Suzanne Ruta
The originality of this wonderful novel derives in good part from Ingo Schulze's gift for gleeful pastiche...It's a brilliant narrative strategy for capturing a time of giddy terror and -- much more rarely -- exhilaration...
Suzanne Ruta
Eder
Aside from a whiff of Brecht, Mr. Schulze's disconnections, ellipses and alienations, sometimes comic, suggest a Raymond Carver or a Frederick Barthelme: the bad air of the contemporary world and the odd deformations that it produces. Here the pollutant -- the mark left by the cold war and its aftermath upon a divided Germany -- is more evident. The stories make up in necessity where they may fall a little short (only a little) of the artfulness of these masters.
The New York Times
From the Publisher
“Ingo Schulze is our new epic storyteller.” —Günter Grass, Nobel Prize-winning author of The Tin Drum

"[Simple Stories] explores the aftermath of living in what was perhaps the most spied-on society in history. . . . with snapshots of the confusion, insecurity and sorrow that accompany freedom." –Chicago Tribune

“Tremendously rewarding. . . . Schulze creates a precarious and affectionate backdrop against which his heroes struggle to live out their simple stories.” –Los Angeles Times

“Wonderful…. Schulze is a baroquely expansive comic.”–The New York Times Book Review

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Product Details

  • ISBN-13: 9780375405419
  • Publisher: Knopf Publishing Group
  • Publication date: 1/25/2000
  • Edition number: 1
  • Pages: 280
  • Product dimensions: 6.00 (w) x 8.70 (h) x 1.24 (d)

Meet the Author

Ingo Schulze lives in Dresden, Germany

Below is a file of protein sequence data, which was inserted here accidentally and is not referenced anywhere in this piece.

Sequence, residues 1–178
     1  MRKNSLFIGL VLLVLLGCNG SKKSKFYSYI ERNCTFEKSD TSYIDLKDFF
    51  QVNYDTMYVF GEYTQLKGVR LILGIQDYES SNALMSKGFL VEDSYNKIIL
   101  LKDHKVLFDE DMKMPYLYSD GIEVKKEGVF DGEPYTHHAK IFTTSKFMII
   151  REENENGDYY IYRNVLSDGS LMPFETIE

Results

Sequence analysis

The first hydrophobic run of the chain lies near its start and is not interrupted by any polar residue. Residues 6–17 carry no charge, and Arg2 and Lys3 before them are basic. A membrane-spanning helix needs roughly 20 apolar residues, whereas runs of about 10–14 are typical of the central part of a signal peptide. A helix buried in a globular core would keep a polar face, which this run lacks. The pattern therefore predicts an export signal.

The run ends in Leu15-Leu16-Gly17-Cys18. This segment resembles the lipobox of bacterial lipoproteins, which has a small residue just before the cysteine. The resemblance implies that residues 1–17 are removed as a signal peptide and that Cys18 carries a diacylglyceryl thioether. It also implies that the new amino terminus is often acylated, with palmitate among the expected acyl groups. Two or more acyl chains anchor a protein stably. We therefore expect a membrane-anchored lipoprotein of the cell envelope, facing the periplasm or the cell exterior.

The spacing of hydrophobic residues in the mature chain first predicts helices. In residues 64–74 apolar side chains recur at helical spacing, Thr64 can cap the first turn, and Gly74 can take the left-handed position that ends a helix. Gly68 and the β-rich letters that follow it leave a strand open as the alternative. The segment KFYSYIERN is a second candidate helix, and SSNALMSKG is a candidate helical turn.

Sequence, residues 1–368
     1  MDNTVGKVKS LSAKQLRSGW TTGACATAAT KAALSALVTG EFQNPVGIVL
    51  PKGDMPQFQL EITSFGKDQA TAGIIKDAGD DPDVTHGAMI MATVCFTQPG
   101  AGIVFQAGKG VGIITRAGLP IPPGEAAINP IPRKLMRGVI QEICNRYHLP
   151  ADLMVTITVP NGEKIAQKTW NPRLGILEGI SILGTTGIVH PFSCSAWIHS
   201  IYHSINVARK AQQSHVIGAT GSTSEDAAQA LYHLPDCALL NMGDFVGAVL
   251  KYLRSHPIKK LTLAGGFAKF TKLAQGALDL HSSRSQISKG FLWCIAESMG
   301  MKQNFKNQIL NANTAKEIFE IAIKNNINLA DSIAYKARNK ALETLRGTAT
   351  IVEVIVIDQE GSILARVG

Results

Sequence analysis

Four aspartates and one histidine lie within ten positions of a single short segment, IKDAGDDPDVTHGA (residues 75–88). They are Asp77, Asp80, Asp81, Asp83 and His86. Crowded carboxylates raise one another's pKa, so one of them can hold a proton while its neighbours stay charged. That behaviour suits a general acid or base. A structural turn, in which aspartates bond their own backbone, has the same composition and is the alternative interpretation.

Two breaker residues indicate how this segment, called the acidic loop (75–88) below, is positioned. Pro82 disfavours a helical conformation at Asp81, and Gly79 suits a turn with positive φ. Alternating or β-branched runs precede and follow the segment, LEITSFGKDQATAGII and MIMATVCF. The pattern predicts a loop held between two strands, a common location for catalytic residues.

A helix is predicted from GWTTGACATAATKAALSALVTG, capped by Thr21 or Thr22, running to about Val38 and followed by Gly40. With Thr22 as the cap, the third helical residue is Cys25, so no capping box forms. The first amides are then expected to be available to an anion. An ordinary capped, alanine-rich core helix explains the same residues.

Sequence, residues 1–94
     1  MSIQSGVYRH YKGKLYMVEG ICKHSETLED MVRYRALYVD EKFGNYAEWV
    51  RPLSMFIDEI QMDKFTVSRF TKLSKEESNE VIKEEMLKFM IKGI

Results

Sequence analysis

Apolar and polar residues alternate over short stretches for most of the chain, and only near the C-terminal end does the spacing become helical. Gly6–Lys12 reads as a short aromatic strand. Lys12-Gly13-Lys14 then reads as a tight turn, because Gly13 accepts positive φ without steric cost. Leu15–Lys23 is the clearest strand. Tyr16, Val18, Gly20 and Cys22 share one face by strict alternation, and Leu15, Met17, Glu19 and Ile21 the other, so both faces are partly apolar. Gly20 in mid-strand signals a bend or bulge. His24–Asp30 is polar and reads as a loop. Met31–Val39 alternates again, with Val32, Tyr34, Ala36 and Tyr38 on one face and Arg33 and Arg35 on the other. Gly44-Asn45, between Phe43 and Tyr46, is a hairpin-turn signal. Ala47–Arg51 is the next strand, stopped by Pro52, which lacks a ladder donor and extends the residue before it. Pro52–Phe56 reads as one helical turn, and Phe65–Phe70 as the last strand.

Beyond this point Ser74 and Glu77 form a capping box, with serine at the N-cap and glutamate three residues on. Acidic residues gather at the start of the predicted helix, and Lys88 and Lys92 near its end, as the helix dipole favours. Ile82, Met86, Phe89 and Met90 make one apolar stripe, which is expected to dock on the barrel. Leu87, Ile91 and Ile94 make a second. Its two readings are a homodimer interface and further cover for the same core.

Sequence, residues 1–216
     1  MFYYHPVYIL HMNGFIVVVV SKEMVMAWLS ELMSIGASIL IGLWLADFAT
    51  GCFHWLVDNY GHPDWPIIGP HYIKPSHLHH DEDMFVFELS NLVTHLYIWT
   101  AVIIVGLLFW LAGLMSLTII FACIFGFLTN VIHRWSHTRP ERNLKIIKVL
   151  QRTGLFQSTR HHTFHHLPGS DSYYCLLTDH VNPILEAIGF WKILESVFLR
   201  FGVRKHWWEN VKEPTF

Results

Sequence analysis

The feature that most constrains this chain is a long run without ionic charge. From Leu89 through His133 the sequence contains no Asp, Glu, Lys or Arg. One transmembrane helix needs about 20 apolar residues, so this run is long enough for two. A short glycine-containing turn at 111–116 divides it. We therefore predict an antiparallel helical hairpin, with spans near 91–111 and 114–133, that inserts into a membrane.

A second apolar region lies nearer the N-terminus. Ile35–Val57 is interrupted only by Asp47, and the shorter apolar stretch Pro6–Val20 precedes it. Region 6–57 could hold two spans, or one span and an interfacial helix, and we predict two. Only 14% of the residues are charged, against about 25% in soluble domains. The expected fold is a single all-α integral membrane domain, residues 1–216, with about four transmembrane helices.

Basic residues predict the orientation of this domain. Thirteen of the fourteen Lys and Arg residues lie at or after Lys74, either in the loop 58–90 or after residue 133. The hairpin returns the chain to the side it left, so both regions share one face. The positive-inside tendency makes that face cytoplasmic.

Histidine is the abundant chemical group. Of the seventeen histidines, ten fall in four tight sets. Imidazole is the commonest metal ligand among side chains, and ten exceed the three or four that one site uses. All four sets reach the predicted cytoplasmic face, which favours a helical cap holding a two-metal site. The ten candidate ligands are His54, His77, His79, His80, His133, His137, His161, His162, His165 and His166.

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Read an Excerpt



Prize-winning German writer Ingo Schulze's first novel, Simple Stories, is a marvel of storytelling and craft. Set in the East German town of Altenburg after the fall of the Berlin Wall, it deftly leaps among an array of confused characters caught in the crossroads of their country’s history: a lovelorn waitress who falls for a visiting West German investor; an art historian turned traveling salesman; a former Communist official plagued by his past; an unsuccessful writer who asks his neighbor to break his leg so that he can continue to live on welfare.
Schulze skillfully intercuts an assortment of moving and comic vignettes about seemingly unconnected people, gradually linking them into an exhilarating whole of tidal unity and emotional force, until we see that all the time we have been reading a novel in glittering fragments, spun by a master. With a piercing eye for detail and a magical ear for dialogue, Schulze portrays the tragi-comedy of ordinary people caught up in the last great historical upheaval of the century.